What is a Divorce Settlement Facilitation?

If you and your partner have separated and have agreed to start the divorce process, you’ve probably heard the phrase “settlement facilitation” used once or twice by your attorney or mediator. Since most people aren’t familiar with the process, their next question is “what is settlement facilitation” In this article, we’ll define what this meeting is and exactly what happens during facilitation.

What is a Divorce Settlement Facilitation?

Settlement Facilitation is a type of meeting where both spouses of a marriage (and their respective representation), sit down to discuss the terms and conditions of their divorce in a form of mediation. Unlike other forms of mediation, you do not sit in a room with your ex and argue across the table. Instead, a settlement facilitator is appointed to go between you and your attorney and your spouse and their attorney to try to work out an agreement. This includes everything from the division of property and assets, to alimony, child support, custody, and a visitation plan. This meeting either serves as an alternative to litigation or as the precursor to court, depending upon if both partners can reach an agreement through facilitation. Most divorces are finalized via this process and only a small percentage ever actually go to trial. This helps both parties save time and money on the overall divorce process.

5 Tips to Help You Through Your Settlement Facilitation

When you’re scheduled for a divorce settlement facilitation and have zero experience in the process, here are a few essential tips we recommend following to help you navigate through the process.

Know the Hot-Button Issues Beforehand

A settlement facilitation is an easy environment to get into an argument with your partner about assets or property division, albeit indirectly. Before you go into your conference, make sure you know what the hot-button issues are between you and your spouse, your ideal outcome with each, and the various solutions you can pursue when each comes up in conversation. With this plan in place beforehand, you can get through your settlement quicker and start your new life sooner.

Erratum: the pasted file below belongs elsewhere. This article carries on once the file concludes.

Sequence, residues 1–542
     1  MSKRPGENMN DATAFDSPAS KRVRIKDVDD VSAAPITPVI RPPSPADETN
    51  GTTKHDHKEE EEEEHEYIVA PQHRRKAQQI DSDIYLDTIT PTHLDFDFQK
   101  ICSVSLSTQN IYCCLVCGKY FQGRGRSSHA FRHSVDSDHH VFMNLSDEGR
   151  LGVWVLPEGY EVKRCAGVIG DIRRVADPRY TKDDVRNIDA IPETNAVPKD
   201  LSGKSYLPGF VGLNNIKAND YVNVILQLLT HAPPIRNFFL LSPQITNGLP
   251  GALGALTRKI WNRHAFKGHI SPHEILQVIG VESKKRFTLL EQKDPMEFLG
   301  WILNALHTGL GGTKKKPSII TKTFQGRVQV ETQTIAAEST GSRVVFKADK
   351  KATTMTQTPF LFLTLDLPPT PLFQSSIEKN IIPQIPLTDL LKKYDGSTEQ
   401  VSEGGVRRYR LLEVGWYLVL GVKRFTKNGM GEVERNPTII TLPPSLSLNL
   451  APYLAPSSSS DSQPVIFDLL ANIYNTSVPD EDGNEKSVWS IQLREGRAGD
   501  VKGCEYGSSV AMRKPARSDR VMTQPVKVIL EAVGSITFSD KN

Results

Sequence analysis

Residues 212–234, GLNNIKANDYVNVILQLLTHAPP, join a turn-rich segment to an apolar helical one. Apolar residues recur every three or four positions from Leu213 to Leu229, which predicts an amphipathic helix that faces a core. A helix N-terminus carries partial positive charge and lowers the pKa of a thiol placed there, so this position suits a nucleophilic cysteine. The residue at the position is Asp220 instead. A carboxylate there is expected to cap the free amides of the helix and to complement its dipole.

Keep Your Budget in Mind

While the process can be exhausting and tensions can run high, remember that you’re there to reach an agreement with your soon-to-be-ex without the high cost of going to court. When you’re frustrated by something said or a counteroffer that’s presented to you, remember that you’re avoiding the high attorney fees, lost wages due to missing work for a trial, and other miscellaneous costs that go along with the messy, complicated process that is divorce trial.

Be Prepared to Compromise

Just as you did in your marriage, you’ll need to compromise and give something on your end in order to get something you may want. Before you go into your facilitation, the best practice is to sit down with your divorce attorney or legal team to identify which areas you’re willing to compromise or give up entirely. If you come prepared to part with some things, you’ll be able to avoid the high expense of a divorce trial.

Understand the Laws Involved

While you don’t need to pass the bar before going into settlement facilitation, you should arrive with a basic understanding of the various laws applicable to your particular situation. For example, if you and your ex-spouse share children, you may want to know how child support is calculated to help avoid any confusion. This is the most important and obvious area where a competent divorce attorney can help most. With the right person, you can lean on them for the knowledge you need to get through your conference as quickly as possible.

Be Patient

Settlement Facilitation can be as quick as a few hours or take as long as a few days. As emotionally and physically exhausting as this process may seem, it’s significantly better than the months or years your divorce could take if you had to go to trial. While the constant stream of offers and counteroffers may be tiring and wear on your nerves, remember to stay patient and stay focused.

What Happens After a Divorce Settlement Facilitation?

Once you and your partner have reached an agreement on everything involved in your divorce, then you’ll be finished and released. From there, the work will be on both your and your spouse’s legal team to draft agreement paperwork for both parties to sign. If you two weren’t able to see eye-to-eye and agree on the terms, then your next step will be to go to court. At this point, if you don’t have a qualified divorce attorney to fight for your best interests, now will be the time to add one to your team.

If you and your partner have decided to separate and pursue a divorce, reach out to the Law Office of Dorene A. Kuffer to connect with the divorce attorney or mediator that will help you through the process. We have the experienced, understanding legal professionals that will work with you to reach agreements and arrangements that put your best interests first and help you resolve your divorce without a trial. Contact us to learn more today.